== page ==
Outcome of symptomatic patients undergoing extracardiac Fontan conversion and cryoablation

Samuel Weinstein, Cliff Cua, David Chan, J. Terrance Davis

Research output: Contribution to journalArticlepeer-review

40 Scopus citations


Objective: We review our experience with Fontan conversion and cryoablation in patients with an atriopulmonary Fontan in low cardiac output from arrhythmia or venous obstruction, including 2 patients with protein-losing enteropathy. Methods: Ten patients (mean age 21.1 ± 7.0 years) underwent extracardiac Fontan conversion, cryoablation, and pacemaker placement between November 1999 and April 2002 (13.1 ± 4.1 years after the original atriopulmonary connection). Eight patients were in New York Heart Association class III and 2 were in New York Heart Association class IV. Nine patients had clinically important intra-atrial reentry tachycardia refractory to medical therapy. Results: Follow-up was between 3.1 and 32.6 months (16.8 ± 9). One death occurred at 7 days after surgery due to sepsis and multisystem organ failure. The second death occurred at 48 days from complications of protein-losing enteropathy. The second patient with protein-losing enteropathy had improved New York Heart Association classification, cessation of albumin transfusions, and a normal stool alpha antitrypsin level (down from 4.1 mg/g preoperatively). Five patients improved to New York Heart Association class I and 3 patients to New York Heart Association class II. Sustained arrhythmias could not be induced in any patient. Seven patients are on no antiarrhythmics. One patient had recurrence of intra-atrial reentrant tachycardia 11 months postoperatively, which required electrical cardioversion; this patient's symptoms are currently well controlled on 1 medication. Conclusion: Extracardiac Fontan, cryoablation, and pacemaker placement reduced atrial arrhythmias and improved New York Heart Association classification in all surviving patients. In selected patients, this operation offers improvement in clinical outcome and is an alternative to transplantation. Protein-losing enteropathy may not be a contraindication to performing Fontan conversion with cryoablation.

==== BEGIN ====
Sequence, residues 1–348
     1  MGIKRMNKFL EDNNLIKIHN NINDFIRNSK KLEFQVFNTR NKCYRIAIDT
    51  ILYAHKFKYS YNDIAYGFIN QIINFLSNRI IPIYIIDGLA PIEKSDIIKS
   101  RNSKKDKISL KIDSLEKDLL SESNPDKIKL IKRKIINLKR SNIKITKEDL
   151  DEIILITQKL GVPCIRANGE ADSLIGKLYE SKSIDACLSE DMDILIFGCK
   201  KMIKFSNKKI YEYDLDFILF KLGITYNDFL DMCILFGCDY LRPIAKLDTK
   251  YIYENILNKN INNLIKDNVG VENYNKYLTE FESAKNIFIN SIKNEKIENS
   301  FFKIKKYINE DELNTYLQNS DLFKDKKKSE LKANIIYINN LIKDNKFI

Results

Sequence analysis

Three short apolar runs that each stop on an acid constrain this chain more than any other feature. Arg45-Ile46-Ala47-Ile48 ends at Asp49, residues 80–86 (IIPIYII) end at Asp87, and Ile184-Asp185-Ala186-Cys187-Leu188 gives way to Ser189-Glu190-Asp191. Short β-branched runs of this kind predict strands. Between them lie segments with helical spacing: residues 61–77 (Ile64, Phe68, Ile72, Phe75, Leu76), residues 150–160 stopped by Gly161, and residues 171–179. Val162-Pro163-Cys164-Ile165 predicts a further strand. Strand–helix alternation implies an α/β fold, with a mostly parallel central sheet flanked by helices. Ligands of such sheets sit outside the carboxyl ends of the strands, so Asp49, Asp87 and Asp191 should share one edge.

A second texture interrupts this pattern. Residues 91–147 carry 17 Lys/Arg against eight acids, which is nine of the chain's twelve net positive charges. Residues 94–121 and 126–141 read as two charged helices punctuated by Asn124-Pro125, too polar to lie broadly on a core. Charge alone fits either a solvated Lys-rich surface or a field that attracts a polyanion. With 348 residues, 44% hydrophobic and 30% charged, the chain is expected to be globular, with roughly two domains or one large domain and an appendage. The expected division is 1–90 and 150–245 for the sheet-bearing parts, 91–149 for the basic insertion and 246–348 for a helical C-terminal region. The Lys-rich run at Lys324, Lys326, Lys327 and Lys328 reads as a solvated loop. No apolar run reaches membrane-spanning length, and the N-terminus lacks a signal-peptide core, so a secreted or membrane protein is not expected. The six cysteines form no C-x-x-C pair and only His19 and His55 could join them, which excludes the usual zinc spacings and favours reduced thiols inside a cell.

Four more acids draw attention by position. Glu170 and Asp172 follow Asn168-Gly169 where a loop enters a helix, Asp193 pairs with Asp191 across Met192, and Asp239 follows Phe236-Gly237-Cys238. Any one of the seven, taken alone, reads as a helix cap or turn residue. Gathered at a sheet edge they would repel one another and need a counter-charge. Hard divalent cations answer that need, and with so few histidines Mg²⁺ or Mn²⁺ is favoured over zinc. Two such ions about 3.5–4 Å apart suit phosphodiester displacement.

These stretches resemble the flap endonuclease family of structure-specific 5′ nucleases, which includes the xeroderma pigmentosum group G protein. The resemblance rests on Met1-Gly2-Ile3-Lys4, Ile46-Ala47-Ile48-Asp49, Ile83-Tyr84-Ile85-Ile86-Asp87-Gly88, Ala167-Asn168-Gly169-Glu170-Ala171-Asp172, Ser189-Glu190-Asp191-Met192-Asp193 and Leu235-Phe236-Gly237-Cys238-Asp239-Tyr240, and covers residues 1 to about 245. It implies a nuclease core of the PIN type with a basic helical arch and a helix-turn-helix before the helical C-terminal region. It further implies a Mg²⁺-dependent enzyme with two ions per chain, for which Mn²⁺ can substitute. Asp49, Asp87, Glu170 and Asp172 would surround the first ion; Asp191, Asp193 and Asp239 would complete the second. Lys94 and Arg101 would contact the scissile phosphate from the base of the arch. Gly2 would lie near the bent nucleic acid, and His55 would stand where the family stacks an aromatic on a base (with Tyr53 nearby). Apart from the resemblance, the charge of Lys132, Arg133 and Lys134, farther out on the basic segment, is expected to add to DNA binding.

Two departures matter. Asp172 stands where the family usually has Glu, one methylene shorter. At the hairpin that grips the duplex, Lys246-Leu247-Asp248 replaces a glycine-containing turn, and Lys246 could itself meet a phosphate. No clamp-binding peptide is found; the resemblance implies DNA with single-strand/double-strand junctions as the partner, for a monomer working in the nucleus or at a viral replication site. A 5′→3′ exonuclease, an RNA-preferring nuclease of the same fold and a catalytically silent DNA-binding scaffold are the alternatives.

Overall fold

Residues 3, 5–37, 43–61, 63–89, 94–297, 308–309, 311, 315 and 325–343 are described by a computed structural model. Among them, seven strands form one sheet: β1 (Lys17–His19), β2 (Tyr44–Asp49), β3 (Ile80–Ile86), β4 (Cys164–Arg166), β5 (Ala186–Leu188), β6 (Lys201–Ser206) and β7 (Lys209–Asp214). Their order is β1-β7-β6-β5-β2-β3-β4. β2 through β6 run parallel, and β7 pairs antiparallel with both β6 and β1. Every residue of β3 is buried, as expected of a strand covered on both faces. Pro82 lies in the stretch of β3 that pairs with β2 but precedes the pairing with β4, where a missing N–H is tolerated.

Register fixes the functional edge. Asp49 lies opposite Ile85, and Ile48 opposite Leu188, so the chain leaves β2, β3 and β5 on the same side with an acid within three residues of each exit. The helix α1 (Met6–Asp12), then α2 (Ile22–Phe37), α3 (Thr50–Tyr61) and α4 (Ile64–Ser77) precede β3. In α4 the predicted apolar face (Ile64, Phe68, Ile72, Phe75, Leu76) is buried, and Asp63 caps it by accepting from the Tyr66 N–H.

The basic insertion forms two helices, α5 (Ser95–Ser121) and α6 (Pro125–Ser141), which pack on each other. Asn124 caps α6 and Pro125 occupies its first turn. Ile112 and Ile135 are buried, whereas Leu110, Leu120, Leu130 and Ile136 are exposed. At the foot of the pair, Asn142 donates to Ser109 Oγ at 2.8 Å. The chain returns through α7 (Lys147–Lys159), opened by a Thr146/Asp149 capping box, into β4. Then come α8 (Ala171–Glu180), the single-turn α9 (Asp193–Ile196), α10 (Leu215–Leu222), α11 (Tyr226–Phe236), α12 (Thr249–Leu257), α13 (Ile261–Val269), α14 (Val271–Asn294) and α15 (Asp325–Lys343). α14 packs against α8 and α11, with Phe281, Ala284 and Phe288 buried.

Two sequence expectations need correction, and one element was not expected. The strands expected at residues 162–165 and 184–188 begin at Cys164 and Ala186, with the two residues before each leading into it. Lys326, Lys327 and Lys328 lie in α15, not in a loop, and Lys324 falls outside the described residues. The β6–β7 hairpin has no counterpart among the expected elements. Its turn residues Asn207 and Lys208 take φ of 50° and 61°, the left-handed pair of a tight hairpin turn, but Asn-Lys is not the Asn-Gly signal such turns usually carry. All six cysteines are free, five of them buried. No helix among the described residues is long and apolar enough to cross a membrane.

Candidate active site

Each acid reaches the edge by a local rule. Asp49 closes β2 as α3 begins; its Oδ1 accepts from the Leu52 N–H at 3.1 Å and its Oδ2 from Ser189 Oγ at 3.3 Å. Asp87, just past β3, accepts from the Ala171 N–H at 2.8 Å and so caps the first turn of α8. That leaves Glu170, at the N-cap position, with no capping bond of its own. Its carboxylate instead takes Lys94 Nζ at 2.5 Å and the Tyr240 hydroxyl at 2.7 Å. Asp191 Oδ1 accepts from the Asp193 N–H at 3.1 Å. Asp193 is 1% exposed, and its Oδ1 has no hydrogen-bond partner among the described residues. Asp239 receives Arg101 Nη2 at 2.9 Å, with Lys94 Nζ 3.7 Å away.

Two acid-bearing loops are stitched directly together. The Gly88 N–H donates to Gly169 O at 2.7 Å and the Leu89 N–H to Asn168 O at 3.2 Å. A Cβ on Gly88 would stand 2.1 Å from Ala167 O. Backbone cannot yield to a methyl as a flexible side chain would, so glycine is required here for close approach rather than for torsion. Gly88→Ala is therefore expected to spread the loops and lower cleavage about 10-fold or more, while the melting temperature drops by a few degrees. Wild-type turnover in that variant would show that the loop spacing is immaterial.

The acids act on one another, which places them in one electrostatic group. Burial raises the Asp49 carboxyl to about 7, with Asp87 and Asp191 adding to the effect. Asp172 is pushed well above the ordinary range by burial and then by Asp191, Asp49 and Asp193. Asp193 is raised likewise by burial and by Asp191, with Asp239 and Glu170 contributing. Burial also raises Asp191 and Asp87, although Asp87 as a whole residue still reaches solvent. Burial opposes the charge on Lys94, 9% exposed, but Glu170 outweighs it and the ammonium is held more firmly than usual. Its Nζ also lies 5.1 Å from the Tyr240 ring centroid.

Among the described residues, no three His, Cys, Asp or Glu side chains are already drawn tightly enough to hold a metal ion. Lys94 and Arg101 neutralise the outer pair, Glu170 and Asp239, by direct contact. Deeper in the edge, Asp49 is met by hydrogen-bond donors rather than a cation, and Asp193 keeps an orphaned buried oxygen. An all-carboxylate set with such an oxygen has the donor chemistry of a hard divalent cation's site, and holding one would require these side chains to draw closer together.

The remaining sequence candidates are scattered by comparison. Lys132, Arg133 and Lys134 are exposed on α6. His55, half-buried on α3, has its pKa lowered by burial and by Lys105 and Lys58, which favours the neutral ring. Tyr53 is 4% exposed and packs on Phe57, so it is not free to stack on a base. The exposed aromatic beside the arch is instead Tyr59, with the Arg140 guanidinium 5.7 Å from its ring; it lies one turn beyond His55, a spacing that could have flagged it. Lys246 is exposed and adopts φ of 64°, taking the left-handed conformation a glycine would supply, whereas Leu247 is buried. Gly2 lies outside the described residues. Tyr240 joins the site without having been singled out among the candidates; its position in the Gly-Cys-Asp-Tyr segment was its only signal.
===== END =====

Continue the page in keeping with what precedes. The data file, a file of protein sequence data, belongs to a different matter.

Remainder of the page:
Original languageEnglish (US)
Pages (from-to)529-536
Number of pages8
JournalJournal of Thoracic and Cardiovascular Surgery
Issue number2
StatePublished - Aug 1 2003
Externally publishedYes

ASJC Scopus subject areas

  • Surgery
  • Pulmonary and Respiratory Medicine
  • Cardiology and Cardiovascular Medicine


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